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Professor Jie Yang Receives 2023 SSHRC Partnership Development Grant
Congratulations to Anthropology Professor Jie Yang, the recipient of a $199,699 Social Sciences and Humanities Council (SSHRC) Partnership Development Grant!
"Learning from Chinese classics: Indigenous psychology and psychological care for China and the World"
This project will draw on Chinese indigenous psychology (IP) and use a partnership approach to develop a framework for alternative models of psychological care. For three decades, imported Euro-American psychological ideas have informed the work of psychologists in China, but calls for a shift towards psychology rooted in Chinese cultural values have become urgent since 2013, when China passed its first mental health law. The law implements a Euro-American model of care and partially forecloses IP practices. While Chinese psychologists and counsellors now use hybrid therapies that graft therapeutic elements from Chinese classics of philosophy, medicine, and literature onto existing Euro-American modalities, this hybrid style fails to challenge underlying claims of the imported psychology (for example, about the role of a “psyche”) or assess their applicability in the Chinese context, which traditionally centres the heart as the basis of cognition, virtue, and feeling, not the psyche. This failure results in a theoretical and clinical disjuncture.
The proposed partnership brings together anthropologists, psychologists, philosophers, and literary scholars to use Chinese IP to rethink psychological care. Focusing on Chinese classic works of philosophy, medicine, and literature, the partnership will systematically examine indigenous Chinese psychological systems and classifications of mental distress, plus treatment approaches. The proposed research differs markedly from current trends for revitalizing Chinese cultural tradition through the popularization of Chinese classics, as those efforts tend to be cursory, biased, and subservient to political agendas. Dr. Yang's goal is to develop a framework for a contemporary care model for mental wellbeing.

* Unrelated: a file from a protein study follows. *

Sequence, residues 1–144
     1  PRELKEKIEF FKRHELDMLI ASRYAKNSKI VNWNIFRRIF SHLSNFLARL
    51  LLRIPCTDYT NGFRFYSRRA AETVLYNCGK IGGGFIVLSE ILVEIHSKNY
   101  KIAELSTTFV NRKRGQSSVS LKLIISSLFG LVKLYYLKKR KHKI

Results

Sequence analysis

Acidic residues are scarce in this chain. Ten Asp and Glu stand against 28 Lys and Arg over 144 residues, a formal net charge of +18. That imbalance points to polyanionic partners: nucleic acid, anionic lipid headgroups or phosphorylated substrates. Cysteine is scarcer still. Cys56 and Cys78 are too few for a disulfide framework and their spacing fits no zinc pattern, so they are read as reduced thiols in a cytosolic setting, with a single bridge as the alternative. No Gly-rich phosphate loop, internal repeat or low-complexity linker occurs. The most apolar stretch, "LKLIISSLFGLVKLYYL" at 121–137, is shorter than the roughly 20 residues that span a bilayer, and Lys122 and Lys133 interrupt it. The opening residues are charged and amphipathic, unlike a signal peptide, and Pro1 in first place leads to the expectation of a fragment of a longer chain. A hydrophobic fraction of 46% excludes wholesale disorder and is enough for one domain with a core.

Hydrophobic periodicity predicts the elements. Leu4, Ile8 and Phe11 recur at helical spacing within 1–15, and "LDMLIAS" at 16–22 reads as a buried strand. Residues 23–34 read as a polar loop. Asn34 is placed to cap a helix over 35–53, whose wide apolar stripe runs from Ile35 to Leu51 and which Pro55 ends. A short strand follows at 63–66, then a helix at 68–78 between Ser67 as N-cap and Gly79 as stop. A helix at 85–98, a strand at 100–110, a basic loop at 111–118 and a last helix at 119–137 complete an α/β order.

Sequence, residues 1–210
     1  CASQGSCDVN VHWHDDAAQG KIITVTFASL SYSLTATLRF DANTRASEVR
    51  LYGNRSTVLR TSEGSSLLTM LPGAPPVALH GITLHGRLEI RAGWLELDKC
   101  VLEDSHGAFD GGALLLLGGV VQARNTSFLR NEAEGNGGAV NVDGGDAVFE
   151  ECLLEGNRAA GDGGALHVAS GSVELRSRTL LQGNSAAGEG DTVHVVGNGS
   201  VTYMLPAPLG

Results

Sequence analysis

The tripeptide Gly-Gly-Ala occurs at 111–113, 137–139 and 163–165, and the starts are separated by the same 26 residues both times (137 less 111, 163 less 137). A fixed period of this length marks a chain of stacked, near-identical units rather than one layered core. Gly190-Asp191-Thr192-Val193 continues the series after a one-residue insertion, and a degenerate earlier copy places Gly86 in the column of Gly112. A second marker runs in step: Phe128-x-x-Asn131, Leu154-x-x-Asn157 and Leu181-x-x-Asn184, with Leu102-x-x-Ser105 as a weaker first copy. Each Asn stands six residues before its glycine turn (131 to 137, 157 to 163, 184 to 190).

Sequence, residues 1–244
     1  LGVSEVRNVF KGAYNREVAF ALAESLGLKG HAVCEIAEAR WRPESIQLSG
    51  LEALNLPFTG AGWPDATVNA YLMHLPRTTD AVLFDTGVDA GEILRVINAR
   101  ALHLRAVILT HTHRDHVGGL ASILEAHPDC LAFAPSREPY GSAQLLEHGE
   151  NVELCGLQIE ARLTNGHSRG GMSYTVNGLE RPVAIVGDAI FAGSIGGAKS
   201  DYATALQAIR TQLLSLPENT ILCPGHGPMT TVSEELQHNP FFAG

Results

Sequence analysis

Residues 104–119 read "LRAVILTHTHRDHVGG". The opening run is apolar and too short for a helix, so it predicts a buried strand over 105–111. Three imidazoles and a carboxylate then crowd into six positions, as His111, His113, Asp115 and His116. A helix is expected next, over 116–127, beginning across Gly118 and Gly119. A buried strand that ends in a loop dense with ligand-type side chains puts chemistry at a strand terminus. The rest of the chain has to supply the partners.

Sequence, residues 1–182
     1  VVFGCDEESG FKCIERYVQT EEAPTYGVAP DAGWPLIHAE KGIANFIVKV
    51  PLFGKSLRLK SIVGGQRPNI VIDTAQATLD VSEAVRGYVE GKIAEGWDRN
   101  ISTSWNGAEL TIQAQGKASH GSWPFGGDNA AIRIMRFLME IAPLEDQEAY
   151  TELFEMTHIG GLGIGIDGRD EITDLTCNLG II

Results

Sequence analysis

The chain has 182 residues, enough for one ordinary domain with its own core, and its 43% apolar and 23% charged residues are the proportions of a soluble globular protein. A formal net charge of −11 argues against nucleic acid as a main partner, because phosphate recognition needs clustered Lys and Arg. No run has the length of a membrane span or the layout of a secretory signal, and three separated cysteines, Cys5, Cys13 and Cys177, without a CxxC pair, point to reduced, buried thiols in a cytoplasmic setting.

Given the vast scope of Chinese classical writings, the research requires a partnered team approach that is both international and interdisciplinary (combining philosophy, psychology, literature, anthropology, and expertise on Chinese and Euro-American psychological traditions) and brings together experts from: Simon Fraser University, University of British Columbia, Beijing Normal University, the Institute of Psychology at the Chinese Academy of Sciences, University of Rochester, University of Ljubljana, and Ghent University. This partnership will uncover foundational indigenous Chinese knowledge and modes of care for sanity and wellbeing. The team does not aim to exhaustively catalogue ideas from every classic Chinese work. Instead, they expect to identify gaps and clashes between indigenous Chinese psychological systems and what shapes today’s therapeutic practices in China, based as they are on imported concepts.
Their specific objectives, therefore, are to: 1) build an interdisciplinary research partnership of scholars, students, and academic institutions to map the Chinese indigenous framework for mental wellbeing; 2) articulate gaps and clashes—both pragmatic and epistemological—between traditional Chinese psychological ideas and contemporary applications of imported psychotherapy in China; 3) compare and contrast Chinese IP with Euro-American psychology to establish an indigenous model of psychological care based on local ontologies; 4) synthesize findings to build and test framework for a psychological care model based on Chinese IP.